Elephant Company : the Inspiring Story of an Unlikely Hero and the Animals Who Helped Him Save Lives in World War II by Vicki Croke, May 9, 2018

J.H. “Billy” Williams always had an affinity for animals. So, when he responded to job offer with the East India Company to work with logging elephants his family wasn’t surprised, though worried that he had already come back from World War I in one piece, would he be so lucky with India? Not only did he find his calling with the elephants in India, Billy and his elephants became war heroes. At the onset of World War II, Williams formed Elephant Company and was instrumental in defeating the Japanese in Burma and saving refugees, including on his own “Hannibal Trek.” Billy Williams became a media sensation during the war, telling reporters that the elephants did more for him than he was ever able to do for them, but his story has since been forgotten. Part biography, part war story, and part wildlife adventure, Croke delivers an utterly charming narrative and an important, little-known piece of the legacy of World War II.

 

NYT’s Book Review: https://www.nytimes.com/2014/07/13/books/review/elephant-company-by-vicki-constantine-croke.html?_r=0 

The Great Gatsby, F. Scott Fitzgerald, April 11, 2018

The mysterious Jay Gatsby uses his fabulous wealth to create an enchanted world fit for his former love, Daisy Buchanan, now married to Tom. Daisy, though, is a romanticised figment of his own imagination, and the extraordinary world that he creates is equally illusory. He gives lavish, legendary parties where the guests and gate-crashers enjoy free-flowing champagne and cocktails and carefree hospitality. But a more sinister reality begins to break through, as idealized romantic figures prove to have human frailties and selfish motivations, and the grandiose world of Gatsby’s creation crumbles and disillusion turns to tragedy.

 

 

 

From wikipedia:

https://en.wikipedia.org/wiki/The_Great_Gatsby

 

From Vanity Fair:

https://www.vanityfair.com/news/2000/05/hitchens200005

 

From The New Yorker

Why “The Great Gatsby” Endures

Richard Brody

Imagine the character of James Gatz, North Dakota boy of big dreams and limited prospects, as he could have been written by a big-shouldered writer whose lifelong specialty, perhaps his most distinctive literary merit, was the depiction of natural energy yoked to ambition, put into action, and embodied in worldly accomplishment—Theodore Dreiser. His trio of novels from 1912 through 1915—“The Financier” and its sequel, “The Titan,” both about the rise, fall, and rise of the Philadelphia broker and philanderer Frank Cowperwood; and “The ‘Genius’,” about Eugene Witla’s rise from raw boy to artist and immoralist—skirt the sentimental mode of the bildungsroman to get into the tough, sinewy details of power and its mighty clashes. The very transformation of the seventeen-year-old Gatz into Gatsby, “in the service of a vast, vulgar, and meretricious beauty,” would have been a big story—the mere connection of the prodigal farm boy’s mercantile impulses and precocious aesthetic visions would have filled a chapter or two. And his five years of work “in a vague personal capacity” for the crude potentate Dan Cody, for whom “he was in turn steward, mate, skipper, secretary, and even jailor,” could have been a third of a big book: “He was left with his singularly appropriate education; the vague contour of Jay Gatsby had filled out to the substantiality of a man.”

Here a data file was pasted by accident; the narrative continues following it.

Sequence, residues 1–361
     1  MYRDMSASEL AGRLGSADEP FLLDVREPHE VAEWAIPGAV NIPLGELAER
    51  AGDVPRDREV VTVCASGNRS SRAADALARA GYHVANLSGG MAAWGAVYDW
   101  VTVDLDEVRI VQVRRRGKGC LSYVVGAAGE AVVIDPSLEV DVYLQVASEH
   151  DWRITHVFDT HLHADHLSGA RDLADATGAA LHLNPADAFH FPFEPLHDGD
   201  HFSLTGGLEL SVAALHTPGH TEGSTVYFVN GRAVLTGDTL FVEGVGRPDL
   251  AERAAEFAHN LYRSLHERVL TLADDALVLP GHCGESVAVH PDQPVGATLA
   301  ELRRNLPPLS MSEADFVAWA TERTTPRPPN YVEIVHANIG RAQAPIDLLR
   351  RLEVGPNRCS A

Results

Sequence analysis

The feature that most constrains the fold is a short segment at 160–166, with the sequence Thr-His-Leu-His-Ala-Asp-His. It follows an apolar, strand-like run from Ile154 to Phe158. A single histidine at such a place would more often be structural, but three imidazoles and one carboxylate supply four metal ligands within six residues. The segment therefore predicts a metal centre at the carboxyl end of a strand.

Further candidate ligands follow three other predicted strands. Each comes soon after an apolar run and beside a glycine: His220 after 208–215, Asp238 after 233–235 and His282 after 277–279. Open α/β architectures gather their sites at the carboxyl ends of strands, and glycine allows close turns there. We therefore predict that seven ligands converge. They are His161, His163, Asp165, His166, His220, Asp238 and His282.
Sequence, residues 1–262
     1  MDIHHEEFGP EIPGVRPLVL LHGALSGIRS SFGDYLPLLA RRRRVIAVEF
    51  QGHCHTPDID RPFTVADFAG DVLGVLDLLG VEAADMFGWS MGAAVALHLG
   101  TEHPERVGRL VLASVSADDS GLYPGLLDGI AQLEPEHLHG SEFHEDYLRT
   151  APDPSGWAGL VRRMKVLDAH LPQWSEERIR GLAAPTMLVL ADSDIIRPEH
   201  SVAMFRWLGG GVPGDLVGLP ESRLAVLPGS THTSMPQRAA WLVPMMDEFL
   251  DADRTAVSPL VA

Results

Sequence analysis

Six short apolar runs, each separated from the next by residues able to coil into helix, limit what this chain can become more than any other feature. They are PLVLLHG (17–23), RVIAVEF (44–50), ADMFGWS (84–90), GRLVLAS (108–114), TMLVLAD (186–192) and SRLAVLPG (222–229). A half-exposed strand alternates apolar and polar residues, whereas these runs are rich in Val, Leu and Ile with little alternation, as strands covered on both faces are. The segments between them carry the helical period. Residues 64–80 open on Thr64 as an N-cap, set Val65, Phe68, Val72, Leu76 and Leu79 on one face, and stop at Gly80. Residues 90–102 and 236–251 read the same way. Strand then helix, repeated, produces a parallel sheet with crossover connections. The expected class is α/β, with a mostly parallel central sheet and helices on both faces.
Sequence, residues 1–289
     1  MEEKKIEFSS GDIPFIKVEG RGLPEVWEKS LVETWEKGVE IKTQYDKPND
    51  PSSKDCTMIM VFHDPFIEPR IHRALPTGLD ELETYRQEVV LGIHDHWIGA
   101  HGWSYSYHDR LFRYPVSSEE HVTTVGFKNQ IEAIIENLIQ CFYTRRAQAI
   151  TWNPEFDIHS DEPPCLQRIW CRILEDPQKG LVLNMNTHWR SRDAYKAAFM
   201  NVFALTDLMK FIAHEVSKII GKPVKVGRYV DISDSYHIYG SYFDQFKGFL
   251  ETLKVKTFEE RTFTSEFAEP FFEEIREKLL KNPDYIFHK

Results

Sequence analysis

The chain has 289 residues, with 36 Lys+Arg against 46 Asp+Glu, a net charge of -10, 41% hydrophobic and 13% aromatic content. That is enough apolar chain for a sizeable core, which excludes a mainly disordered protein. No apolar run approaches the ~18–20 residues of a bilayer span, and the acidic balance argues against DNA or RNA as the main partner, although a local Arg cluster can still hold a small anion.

The chronology of Gatsby’s subsequent backstory invites more invention: as a poor officer stationed in Louisville in 1917, Gatsby met and loved Daisy Fay. He shipped out in 1918, and, while he was away at war, Daisy met the wealthy Tom Buchanan, married him in June, 1919, and gave birth to their daughter, Pammy, in April, 1920. Meanwhile, Gatsby “did extraordinarily well in the war. He was a captain before he went to the front and following the Argonne battles he got his majority and the command of the divisional machine guns.” Fitzgerald, who had been in the Army but never saw active duty, doesn’t make much of Gatsby’s combat experiences, which would have made for another few chapters of grim and gruesome knowledge.

Gatsby, returning stateside after five months in a program at Oxford reserved for American officers, spent three years doing the things that made him fabulously wealthy—bootlegging, maybe some gambling, maybe some shady financial dealings, maybe some oil business—and doing it apparently by design, in the hope of impressing and wooing Daisy. That’s the business part, and the intersection of an entrepreneur’s wiles and a gangster’s ruthlessness—two realms of bold, precise, intrepid maneuvering—would make for another meaty third of a book. By the time Daisy Buchanan reëntered the picture, she would already have been receding from it, because it’s inconceivable that such a Dreiserian hero—a fiercely self-willed yet violently circumstance-buffeted man who employed his enormous vital energy in such a wide and tough range of activities—could win his fabulous East Egg mansion while suffering no greater scar on his soul than the rejection of a débutante whom he had “taken… under false pretenses” of being her social equal.